04 June, 2020, bare weeks before we moved from Arlington, Virginia, to Scranton, Pennsylvania. A major storm front moves into the area from the west at about 7:30 pm. It brought torrential rains.

Figure 1. Storm front in Arlington, VA. Photo: author.

The view is from the terrace atop our building, the Continental (figure 1). It is located in Ballston, practically above the DC Metro line. On the horizon toward the right is Tyson’s Corner with its mall and nearby skyscrapers; not visible but between here and there is Falls Church. The Virginia Tech building’s curved façade faces North Glebe Road, which runs from the Chain Bridge crossing over into the District down (with a change to “South” Glebe Road as it crosses U.S. Highway 50) to DCA airport. The building with the rust-colored mullions and spandrels fronts Fairfax Drive, which runs from I-66 over to the George Mason University law school. I-66 is hidden behind trees and the tallest buildings in figure 1, running to Rosslyn and thence into the District by the Kennedy Center and Lincoln Memorial.

They crazily (or craftily) made I-66 a toll road taking tolls during the morning rush hour into and the evening one out of Washington. The tolls weren’t fixed but were based upon traffic levels, electronically measured. The system wasn’t perfect, as one could see tolls of approximately $17.00 for one exit’s worth of travel close to the end of toll times with no real traffic on the road. Over time the fee structure became more rational.

I drove that road twice each day to take my daughter to school in Bethesda, but happily 1) I was driving in the non-toll direction each time, and 2) there was no toll for cars with 2 or more passengers. The tolls did have the effect of driving (heh) people over to the Chain Bridge, which made local Arlington traffic much worse.

Just at the left and just below the horizon in figure 1 is the row of buildings along the Columbia Pike, I think, out in Fairfax County. Closer to the center of the horizon you might make out two white building tops at the horizon just to the right of a prominent water tower: those are two prominent midcentury office buildings which stand a few meters north of U.S. Highway 50 (Arlington Boulevard) as it approaches Arlington County at a spaghetti tangle of intersecting roads aptly named Seven Corners.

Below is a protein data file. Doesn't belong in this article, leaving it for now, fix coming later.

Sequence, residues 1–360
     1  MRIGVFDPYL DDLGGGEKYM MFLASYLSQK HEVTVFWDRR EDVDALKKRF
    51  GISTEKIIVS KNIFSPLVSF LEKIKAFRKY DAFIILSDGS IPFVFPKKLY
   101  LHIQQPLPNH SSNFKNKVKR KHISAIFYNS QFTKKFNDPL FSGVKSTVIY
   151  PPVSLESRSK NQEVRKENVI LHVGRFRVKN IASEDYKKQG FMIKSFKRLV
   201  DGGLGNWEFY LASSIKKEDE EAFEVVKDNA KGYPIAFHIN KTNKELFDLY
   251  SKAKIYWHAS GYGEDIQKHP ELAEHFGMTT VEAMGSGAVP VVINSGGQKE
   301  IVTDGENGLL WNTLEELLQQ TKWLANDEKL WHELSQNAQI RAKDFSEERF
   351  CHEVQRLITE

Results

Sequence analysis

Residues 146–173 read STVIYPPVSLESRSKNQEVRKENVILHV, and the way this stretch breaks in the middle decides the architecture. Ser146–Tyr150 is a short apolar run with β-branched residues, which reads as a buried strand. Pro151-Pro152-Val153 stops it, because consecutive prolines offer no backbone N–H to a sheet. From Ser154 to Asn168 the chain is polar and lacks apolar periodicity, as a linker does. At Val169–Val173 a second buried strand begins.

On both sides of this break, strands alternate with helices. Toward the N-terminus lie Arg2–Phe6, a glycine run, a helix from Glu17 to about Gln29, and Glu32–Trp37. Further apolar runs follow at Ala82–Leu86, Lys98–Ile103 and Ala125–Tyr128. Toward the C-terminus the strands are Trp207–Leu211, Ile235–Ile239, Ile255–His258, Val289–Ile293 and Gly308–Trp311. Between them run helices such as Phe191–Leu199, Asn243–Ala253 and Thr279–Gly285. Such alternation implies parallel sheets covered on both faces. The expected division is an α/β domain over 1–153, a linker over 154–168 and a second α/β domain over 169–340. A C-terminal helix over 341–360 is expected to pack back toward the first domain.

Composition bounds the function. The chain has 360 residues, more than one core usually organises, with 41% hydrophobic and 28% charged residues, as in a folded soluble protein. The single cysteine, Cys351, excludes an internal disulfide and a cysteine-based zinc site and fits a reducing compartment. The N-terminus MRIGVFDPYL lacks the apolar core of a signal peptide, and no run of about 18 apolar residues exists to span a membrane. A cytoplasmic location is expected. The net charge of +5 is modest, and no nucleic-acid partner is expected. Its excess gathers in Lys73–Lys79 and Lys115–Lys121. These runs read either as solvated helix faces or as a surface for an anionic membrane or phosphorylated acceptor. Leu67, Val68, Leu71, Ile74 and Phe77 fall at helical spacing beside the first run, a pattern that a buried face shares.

Arlington County is an independent unit among Virginia’s several independent city states (like Falls Church, Alexandria, and Virginia Beach, for example). Arlington is not a city, though—just a county.

If you look at it on the map (figure 2), you’ll see that the county was the bottom of the diamond-shaped tract of land, with the Potomac dividing it, that originally made up the District of Columbia. In those days, it was called Alexandria County, for the large population center at its southern tip.

Figure 2. 1835 map of the District of Columbia. Public Domain. Wikimedia Commons.

The diamond is a square 10 miles on a side, something like 14 miles between non-adjacent vertices. Oddly enough, it was not a post-Civil War repossession of the district that led to the creation of Arlington County but rather the land was disgorged by the federal government in 1847 because of (among other things) a failure of the city of Alexandria to profit from being in the district. Alexandria was incorporated in 1852, and cut loose from Arlington County, making a characteristic dent in the southernmost part of the county’s border lines, in 1870.

iPhone XS with 18 mm Moment lens.

Published by gsb03632

A college professor living in Scranton, PA

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